Strict adherence to basic principles and techniques is required to prevent unsatisfactory results.

ORIF of these difficult fractures is justified only if:

1) The joint surfaces can be restored anatomically.

2) Fixation is sufficiently rigid that external immobilization is not required.

3) Rigidity of fixation is sufficient to allow early and active motion of the knee joint.

4) The skin and soft tissues are satisfactory for surgery.

There is no single surgical implant that can be used for all distal femoral fractures. Implant selection is determined by fracture pattern, patient age, bone density, and other injuries that the patient may have sustained. Rewarding results may be obtained with operative fracture intervention when appropriate patient and implant selection are made and the surgeon demonstrates meticulous skill and sound judgment [5] .

A number of fixation devices such as blade plate, dynamic condylar screw, locking plates to more recently LISS, MIPPO and Distal femoral nails have been made available [6] [7] [8] [9] .

For Distal femur type C3 fractures with severe comminution and bone defects it is recommended to do a dual plate fixation with bone grafting to achieve adequate stability [9] [10] .

We present a novel method to fix type C3 distal femur fractures using a Harms cage with distal femur locking plates.

Figure 1. AO classification of distal femur fractures.

2. Case

A 21 year old male presented to us after a vehicular accident with a type C3 compound right distal femur fracture with bone defect of about 12 cm. Patient also had ipsilateral tibia shaft fracture. (Figure 2) There was no neuro vascular deficit. All blood investigations were normal. The tibia shaft fracture was treated with closed intra medullary interlocking nail immediately. Thorough debridement of the distal femur wound was done and surgery was carried out once the wound was clean.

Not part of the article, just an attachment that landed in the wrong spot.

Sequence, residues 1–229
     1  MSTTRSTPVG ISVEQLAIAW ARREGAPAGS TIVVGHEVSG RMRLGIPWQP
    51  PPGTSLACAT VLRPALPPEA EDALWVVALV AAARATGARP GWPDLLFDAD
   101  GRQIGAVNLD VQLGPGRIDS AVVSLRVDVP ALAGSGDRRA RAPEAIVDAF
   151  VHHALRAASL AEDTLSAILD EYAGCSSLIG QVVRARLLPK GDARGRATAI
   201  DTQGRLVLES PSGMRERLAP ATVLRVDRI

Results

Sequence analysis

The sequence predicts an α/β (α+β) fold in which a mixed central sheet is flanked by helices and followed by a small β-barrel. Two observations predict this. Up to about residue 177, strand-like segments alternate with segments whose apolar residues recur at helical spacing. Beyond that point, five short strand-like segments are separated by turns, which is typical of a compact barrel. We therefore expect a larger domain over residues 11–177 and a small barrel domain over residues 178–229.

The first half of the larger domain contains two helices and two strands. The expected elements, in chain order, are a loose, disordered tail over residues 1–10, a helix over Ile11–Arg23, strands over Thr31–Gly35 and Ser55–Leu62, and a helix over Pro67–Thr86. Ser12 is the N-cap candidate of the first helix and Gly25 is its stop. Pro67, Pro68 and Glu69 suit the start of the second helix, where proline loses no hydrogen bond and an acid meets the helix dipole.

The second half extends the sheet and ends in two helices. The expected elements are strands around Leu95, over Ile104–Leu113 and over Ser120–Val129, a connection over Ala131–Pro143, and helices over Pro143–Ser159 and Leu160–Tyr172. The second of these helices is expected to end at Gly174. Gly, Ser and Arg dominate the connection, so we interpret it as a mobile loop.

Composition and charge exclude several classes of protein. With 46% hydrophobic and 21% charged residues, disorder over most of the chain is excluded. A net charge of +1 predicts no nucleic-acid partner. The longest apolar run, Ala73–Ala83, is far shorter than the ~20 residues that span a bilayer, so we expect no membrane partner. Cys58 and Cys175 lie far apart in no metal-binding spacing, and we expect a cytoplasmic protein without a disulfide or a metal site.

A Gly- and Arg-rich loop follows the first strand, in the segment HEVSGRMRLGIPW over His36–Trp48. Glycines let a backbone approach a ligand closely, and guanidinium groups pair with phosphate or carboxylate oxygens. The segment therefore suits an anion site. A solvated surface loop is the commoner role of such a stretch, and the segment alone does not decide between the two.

3. Procedure

For the distal femur fracture the lateral approach was used and the fracture site was exposed. Hematoma was drained and the condylar fragments were reduced and fixed with cancellous screws and kirshner wires. Once the articular reduction was achieved we proceeded to build up the medial column. A Harms cage was taken of the size of the defect, in this case 12 cm and filled up with iliac bone grafts. The cage was inserted through the fracture site and punched all the way medially so that it filled up the medium column defect .Then the lateral column was anatomically reduced with the condyles and distal femur locking plate was applied (Figure 3). Patient was given an above knee cast and was kept nil weight bearing for 8 weeks. Physiotherapy was started at post op day 3. Patient was discharged at day 15 after stitch removal and AK cast reapplication. ROM exercises for the knee began at 6 weeks. Patient was allowed gradual weight bearing at 10 weeks. Patient was asked to follow up monthly and X-rays were taken.